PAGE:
Of waves, mechanisms and loopholes

I cannot help but remember our country’s reaction to the beginning of the pandemic. Schools had just been shut down and the panic started to rise. Slowly but surely, the rest of the country shut down too: shops, restaurants, gyms, hairdressers, the airport. Every public space imaginable was completely deserted. The authorities initially received much praise for the measures they took to combat the virus. However, 8 months later, it is safe to say that the government has since been subjected to a lot of criticism for their handling of the pandemic. We used to panic about 5 cases a day, and now we boast when it is fewer than 200. That things could have been handled better is especially true from the perspective of a student. The Ministry of Education in particular has received much backlash for delaying the start to the school year, failing to provide adequate online schooling in primary and secondary schools, and poorly handling post-secondary institutions such as Higher Secondary School in Naxxar. 

When in May the Prime Minister was asked in an interview about the possibility of a second wave of COVID-19 hitting the island, he responded with “waves are in the sea”. Critics repeatedly mocked this line, and for good reason. For the Prime Minister to dismiss the possibility of a second spike meant that precautions were lifted haphazardly, and as a result, a second spike occurred, especially due to a reliance on imaginary mechanisms.

One particular move by the government that outraged a lot of people was the announcement that fines received for breaking quarantine rules had the possibility of being refunded. What is the point of having rules in place if these are not enforced?

This summer, Malta enjoyed a good six weeks of a low coronavirus infection rate. Everything seemed to be back to normal. However, it is now November, and the situation is at the worst that it’s ever been. We are at over 2,000 active cases, averaging around 100 new cases a day. At the time of writing, more than 120 people have died of the coronavirus. 

How has all of this affected the students? It should come as no surprise that people my age initially found it difficult to cope with the change in routine with regards to education. This was unfortunately inevitable, and no one was at fault for this. However, it can definitely be said that the situation was handled very poorly, and schools were extremely unprepared for the beginning to the new scholastic year.

The scholastic year started off with a one-week delay. State primary and secondary school students were told to either show up to school or not to come at all – no system of online learning was provided whatsoever. This led to many at-risk students missing out on their education entirely. Thankfully, online learning is now being introduced for such students, albeit six weeks late. 

And let us not forget about the situation in post-secondary institutions, such as that of Higher Secondary School. On the first day of school, all online lectures were cancelled due to the fact that these were not working properly. Furthermore, once these online lectures did start, students on campus found it extremely difficult to participate in them. Not only was the Wi-Fi on campus not strong enough to connect to the lessons, but students also found themselves struggling to find seating and thus ended up following their lectures on the floor.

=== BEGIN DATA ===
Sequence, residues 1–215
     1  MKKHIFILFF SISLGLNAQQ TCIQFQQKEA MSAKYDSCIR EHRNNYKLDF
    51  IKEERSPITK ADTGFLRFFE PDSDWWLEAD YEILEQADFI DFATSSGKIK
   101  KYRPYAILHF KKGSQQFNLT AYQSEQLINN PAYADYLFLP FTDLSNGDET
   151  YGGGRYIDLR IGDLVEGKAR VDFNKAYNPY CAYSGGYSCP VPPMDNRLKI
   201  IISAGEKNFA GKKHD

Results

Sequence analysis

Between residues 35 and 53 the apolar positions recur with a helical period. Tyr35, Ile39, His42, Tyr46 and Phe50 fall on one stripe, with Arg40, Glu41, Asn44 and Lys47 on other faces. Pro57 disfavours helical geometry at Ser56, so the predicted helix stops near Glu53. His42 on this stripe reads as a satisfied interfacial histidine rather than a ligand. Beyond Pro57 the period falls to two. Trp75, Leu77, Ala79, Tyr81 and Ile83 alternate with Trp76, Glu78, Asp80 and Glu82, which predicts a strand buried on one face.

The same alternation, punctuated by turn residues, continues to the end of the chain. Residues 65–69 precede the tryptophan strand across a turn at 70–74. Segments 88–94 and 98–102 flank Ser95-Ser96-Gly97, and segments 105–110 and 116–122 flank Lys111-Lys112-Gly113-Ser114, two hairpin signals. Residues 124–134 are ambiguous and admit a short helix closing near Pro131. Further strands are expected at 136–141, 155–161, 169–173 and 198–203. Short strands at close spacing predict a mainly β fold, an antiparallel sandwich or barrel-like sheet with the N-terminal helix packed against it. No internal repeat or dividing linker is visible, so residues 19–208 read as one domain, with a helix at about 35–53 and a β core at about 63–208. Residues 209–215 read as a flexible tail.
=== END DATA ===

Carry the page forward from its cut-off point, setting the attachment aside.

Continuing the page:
Students at Junior College started lectures much later than other schools, putting them at a big disadvantage. In fact, I remember being quite shocked to hear that most students were enjoying their midterm holidays, while I, a Junior College student, had only been attending lessons for a week. 

The pandemic has had an incredibly negative effect on us students, made even worse by the incompetence of our authorities. There was ample time to prepare for the opening of schools and it shouldn’t have been as rushed as it was, let alone delayed. Adequate online learning for students of all ages should have been provided from the start. Furthermore, post-secondary institutions should not have been left to fend for themselves in such a difficult time.

It seems a price was paid as we have yet another Minister for Education. One wonders what the result of the latest round of musical chairs will ultimately deliver. One thing should be clear, however. Amongst all the mixed messages, vague promises and half-measures, it seems like ultimately government is betting everything on this vaccine. The country cannot keep staking all its hopes on this vaccine, however. 

Even if one reaches the country in the next few months, and assuming everything goes according to plan, then it will take time for people to be vaccinated and longer still for things to start approaching anything like the old normality. In the meanwhile, people are going to keep dying and people with pre-existing or underlying conditions, regardless of age, are going to remain at risk. There is also the danger that this fast-mutating virus will require successive vaccines, just like one has the flu vaccine every year, and that COVID-19 will never really go away. It could become as endemic as the annual flu. So, with all due respect to the need for the country to keep working, perhaps it is time to stop playing games with people’s lives, and actually listen to the experts.

Katrina Cassar
ADŻ Public Relations Officer
Published in the Malta Independent – Sunday 29 November 2020